However, when running with a single-process single-thread executor like InlineJobExecutor, multiple threads can be used. In some cases this might be advantageous in combination with the inline executor. The thread count for many common numerics libraries is set automatically by LiberTEM, see threads_per_worker. For other cases the thread count on a worker should be set by the user according to self.meta.threads_per_worker.

Multithreaded executors are introduced with release 0.9.0, see Executors. They run UDF functions in parallel threads within the same process. This can introduce issues with thread safety, for example shared objects being changed concurrently by multiple threads. The LiberTEM internals and core UDFs are tested to work with these executors, but user code may break unexpectedly. PyFFTW interface caching is a known issue of this category. For that reason, the threaded executors should be considererd experimental for the time being. Furthermore, setting and re-setting any global variable, for example the thread count of an external library, should be protected with a reentrant locking mechanism.

The pyFFTW cache is disabled with threaded executors because of this known bug. That can have a negative impact on performance. For performance optimization with pyFFTW, users could use the builder interface of PyFFTW or use the native FFTW object interface.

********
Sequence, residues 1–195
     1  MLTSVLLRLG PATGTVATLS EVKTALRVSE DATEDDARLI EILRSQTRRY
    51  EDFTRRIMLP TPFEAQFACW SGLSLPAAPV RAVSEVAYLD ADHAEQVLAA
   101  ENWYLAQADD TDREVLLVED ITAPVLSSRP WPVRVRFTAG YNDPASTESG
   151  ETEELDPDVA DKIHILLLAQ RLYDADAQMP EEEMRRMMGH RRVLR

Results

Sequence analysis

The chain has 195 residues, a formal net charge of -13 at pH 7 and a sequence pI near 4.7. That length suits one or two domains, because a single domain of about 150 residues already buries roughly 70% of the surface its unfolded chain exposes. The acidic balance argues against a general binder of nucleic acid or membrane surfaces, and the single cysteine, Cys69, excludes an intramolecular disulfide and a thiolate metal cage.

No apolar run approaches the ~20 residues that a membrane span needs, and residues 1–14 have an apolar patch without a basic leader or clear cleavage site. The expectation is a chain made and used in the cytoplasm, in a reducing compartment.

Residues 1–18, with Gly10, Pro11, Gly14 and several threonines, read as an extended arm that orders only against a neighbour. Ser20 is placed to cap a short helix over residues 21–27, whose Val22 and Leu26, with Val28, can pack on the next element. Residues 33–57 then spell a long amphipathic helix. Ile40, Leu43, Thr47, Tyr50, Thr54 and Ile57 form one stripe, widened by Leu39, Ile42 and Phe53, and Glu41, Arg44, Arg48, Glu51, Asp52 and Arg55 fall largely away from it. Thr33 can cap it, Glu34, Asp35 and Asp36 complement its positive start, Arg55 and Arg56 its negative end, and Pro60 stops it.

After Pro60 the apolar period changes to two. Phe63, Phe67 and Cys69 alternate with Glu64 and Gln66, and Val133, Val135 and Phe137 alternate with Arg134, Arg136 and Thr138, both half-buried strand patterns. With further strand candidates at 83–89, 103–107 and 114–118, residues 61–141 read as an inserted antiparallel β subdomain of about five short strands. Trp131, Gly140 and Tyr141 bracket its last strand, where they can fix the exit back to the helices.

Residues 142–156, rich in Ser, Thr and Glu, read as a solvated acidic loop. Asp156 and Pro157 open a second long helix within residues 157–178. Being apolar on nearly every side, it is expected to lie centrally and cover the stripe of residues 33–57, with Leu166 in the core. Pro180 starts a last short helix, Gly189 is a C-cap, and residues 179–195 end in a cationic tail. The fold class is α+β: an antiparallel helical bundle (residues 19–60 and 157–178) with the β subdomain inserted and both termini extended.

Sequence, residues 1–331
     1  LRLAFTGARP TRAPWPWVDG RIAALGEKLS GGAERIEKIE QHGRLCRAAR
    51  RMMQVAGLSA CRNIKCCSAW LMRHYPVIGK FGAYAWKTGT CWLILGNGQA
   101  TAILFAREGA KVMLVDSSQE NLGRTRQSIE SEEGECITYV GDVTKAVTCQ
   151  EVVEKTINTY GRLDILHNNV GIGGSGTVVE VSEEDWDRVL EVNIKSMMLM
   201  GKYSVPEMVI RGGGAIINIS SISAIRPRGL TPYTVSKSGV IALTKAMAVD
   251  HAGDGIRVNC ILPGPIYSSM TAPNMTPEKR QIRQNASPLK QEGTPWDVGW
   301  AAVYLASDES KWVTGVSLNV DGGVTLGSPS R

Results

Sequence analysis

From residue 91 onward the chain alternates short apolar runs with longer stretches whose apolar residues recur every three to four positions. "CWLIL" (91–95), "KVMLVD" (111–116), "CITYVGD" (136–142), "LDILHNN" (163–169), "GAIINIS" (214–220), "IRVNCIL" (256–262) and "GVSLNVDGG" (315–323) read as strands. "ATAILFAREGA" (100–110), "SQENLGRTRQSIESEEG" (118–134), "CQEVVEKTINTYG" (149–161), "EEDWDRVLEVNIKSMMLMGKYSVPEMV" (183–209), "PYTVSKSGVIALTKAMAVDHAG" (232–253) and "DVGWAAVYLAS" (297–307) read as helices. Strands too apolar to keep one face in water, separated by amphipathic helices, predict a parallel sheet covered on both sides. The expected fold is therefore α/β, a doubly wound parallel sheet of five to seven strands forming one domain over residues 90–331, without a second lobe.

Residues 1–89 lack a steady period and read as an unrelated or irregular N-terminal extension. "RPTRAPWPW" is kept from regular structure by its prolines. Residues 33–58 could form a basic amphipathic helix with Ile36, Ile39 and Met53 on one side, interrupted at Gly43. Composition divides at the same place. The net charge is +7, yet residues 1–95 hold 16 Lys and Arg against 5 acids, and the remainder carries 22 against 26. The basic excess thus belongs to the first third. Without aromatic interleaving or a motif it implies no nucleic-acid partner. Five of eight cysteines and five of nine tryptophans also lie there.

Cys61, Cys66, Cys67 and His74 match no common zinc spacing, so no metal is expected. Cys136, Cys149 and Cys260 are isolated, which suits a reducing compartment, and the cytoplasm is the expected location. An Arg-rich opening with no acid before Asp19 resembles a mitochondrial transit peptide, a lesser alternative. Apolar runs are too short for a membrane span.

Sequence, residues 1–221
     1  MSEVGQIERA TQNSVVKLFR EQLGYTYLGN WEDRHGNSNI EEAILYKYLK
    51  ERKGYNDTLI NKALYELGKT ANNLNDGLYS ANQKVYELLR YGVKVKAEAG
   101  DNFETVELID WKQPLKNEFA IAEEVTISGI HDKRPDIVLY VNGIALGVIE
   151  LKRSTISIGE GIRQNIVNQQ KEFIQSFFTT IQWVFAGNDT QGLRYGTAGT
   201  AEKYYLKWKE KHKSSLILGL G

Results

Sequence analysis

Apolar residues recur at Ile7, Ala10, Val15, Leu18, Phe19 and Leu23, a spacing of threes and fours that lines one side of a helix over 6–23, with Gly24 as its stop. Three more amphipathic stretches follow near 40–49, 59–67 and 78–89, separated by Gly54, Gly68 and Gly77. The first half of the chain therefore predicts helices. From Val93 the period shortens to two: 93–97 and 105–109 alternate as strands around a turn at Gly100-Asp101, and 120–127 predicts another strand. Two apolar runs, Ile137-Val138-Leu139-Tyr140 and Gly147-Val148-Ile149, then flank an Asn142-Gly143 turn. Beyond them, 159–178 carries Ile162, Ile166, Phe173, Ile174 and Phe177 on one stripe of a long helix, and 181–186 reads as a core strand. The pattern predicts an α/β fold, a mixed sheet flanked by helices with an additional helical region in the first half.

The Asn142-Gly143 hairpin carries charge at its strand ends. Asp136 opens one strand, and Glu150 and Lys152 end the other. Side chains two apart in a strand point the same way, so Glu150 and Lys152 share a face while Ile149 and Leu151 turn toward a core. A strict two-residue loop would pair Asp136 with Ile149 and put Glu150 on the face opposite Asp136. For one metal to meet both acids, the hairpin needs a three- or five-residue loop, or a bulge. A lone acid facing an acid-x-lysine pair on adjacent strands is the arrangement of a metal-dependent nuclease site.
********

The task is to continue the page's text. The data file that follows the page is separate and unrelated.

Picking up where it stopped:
Running multiple LiberTEM Context objects or executors in parallel threads is not tested and can lead to unexpected interactions.

Auto UDF

The AutoUDF class and map() method allow to run simple functions that accept a frame as the only parameter with an auto-generated kind="nav" result buffer over a dataset ad-hoc without defining an UDF class. For more advanced processing, such as custom merge functions, post-processing or performance optimization through tiled processing, defining an UDF class is required.

As an alternative to Auto UDF, you can use the make_dask_array() method to create a dask.array from a DataSet to perform calculations. See Integration with Dask arrays for more details.